To further intensify and diversify India-ASEAN engagements, a roadmap for long-term engagement was signed at the 3rd ASEAN-India Summit in 2004 in Vientiane, Laos. A ‘Plan of Action’ for the 2004-2010 was also drawn up. Another ‘Plan of Action, 2016-20’ was adopted by the ASEAN-India Foreign Ministers in August 2015. ASEAN and India also identified priority areas for the period of 2016-2018.
Political Security Cooperation
An ever-rising export of terror, hatred, and violence demands a common and effective security measures, and our partnership with ASEAN seeks to craft a response that relies on coordination and sharing of experiences at several levels. In this regard, ASEAN has worked for 50 years to help secure peace and prosperity in the region. India places ASEAN at the centre of its vision of ‘Security and Growth for All in the Region’.
India-ASEAN trade and investments have been growing quite steadily, with ASEAN being India’s fourth largest trading partner. As a result, India’s trade with ASEAN stands at USD 82 billion, and that is almost 10.6% of India’s total volume. Our export value to ASEAN stands at almost 12% of our total exports.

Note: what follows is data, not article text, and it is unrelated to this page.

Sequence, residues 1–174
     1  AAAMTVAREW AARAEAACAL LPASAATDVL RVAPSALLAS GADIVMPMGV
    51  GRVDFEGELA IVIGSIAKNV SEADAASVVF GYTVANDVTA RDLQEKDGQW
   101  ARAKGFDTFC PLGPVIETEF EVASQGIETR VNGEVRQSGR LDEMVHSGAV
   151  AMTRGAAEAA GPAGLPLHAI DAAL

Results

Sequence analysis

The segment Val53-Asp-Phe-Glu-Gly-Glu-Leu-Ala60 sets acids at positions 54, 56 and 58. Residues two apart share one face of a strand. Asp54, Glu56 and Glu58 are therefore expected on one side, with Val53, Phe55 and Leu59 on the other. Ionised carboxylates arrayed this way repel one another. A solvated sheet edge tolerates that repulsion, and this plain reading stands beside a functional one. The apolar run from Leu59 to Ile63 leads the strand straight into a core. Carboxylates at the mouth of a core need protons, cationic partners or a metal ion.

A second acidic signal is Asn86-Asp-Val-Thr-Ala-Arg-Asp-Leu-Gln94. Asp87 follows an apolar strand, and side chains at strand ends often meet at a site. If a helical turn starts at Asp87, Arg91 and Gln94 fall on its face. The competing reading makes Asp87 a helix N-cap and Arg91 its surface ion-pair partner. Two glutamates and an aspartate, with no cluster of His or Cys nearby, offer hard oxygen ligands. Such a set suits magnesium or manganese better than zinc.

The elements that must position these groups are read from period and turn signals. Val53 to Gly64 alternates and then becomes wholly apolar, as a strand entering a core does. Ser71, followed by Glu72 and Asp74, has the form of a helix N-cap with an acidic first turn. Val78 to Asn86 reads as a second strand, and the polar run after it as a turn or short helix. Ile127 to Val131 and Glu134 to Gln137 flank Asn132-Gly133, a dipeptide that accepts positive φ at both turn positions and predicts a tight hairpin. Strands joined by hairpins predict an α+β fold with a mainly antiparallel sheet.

Moreover, investments too have grown substantially both ways, with ASEAN accounting for approximately 18.28% of investment flows into India since 2000. FDI inflows into India from ASEAN from April 2000 to March 2018 was about USD68.91 billion, and FDI outflows from India to ASEAN countries, from April 2007 to March 2015, was about USD 38.672 billion.
Several ASEAN-India connectivity measures were taken up in 2013, and with that India became the third dialogue partner of ASEAN to initiate an ASEAN ‘Connectivity Coordinating Committee-India Meeting’. Since then India has made substantial progress in implementing the India-Myanmar-Thailand Trilateral Highway and the Kaladan Multimodal Project. There is also a plan to extend the India-Myanmar-Thailand Trilateral Highway to Cambodia, Laos and Vietnam. Also, a consensus has been reached on finalising the proposed protocol of the ‘India-Myanmar-Thailand Motor Vehicle Agreement’. This will lead to an important role in having a seamless movement of passengers, personal and cargo vehicles along the roads linking India, Myanmar and Thailand.
Our Prime Minister, Narendra Modi, had announced in November 2015 a credit of USD 1 billion to promote projects that support physical and digital connectivity between India and ASEAN and a ‘Project Development Fund’ with a corpus of INR 500 crore to develop manufacturing hubs in these countries at the 13th ASEAN India Summit held in Malaysia.
India has been cooperating with ASEAN by implementing various projects in the fields of agriculture, science & technology, space, climate change and several other areas. In July, 2018, India had what is now known as ‘Delhi Dialogue’ for discussing politico-security and economic issues between ASEAN and India. Since 2009, India has hosted ten editions of the ASEAN-India conference. The ‘Delhi Dialogue’ was the 10th of its kind and was held on July 19-20, 2018, with the theme, ‘Strengthening India-ASEAN Maritime Advantage’.
Ties since Gupta Period